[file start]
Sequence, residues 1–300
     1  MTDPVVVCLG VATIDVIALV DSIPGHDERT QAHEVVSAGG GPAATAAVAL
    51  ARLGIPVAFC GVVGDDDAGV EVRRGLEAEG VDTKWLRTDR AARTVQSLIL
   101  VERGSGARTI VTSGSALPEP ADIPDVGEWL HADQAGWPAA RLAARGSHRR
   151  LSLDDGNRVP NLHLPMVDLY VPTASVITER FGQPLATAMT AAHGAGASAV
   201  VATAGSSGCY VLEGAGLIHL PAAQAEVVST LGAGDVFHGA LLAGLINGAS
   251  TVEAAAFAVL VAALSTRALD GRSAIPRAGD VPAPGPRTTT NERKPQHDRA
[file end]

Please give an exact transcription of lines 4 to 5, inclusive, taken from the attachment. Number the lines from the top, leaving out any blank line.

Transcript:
   101  VERGSGARTI VTSGSALPEP ADIPDVGEWL HADQAGWPAA RLAARGSHRR
   151  LSLDDGNRVP NLHLPMVDLY VPTASVITER FGQPLATAMT AAHGAGASAV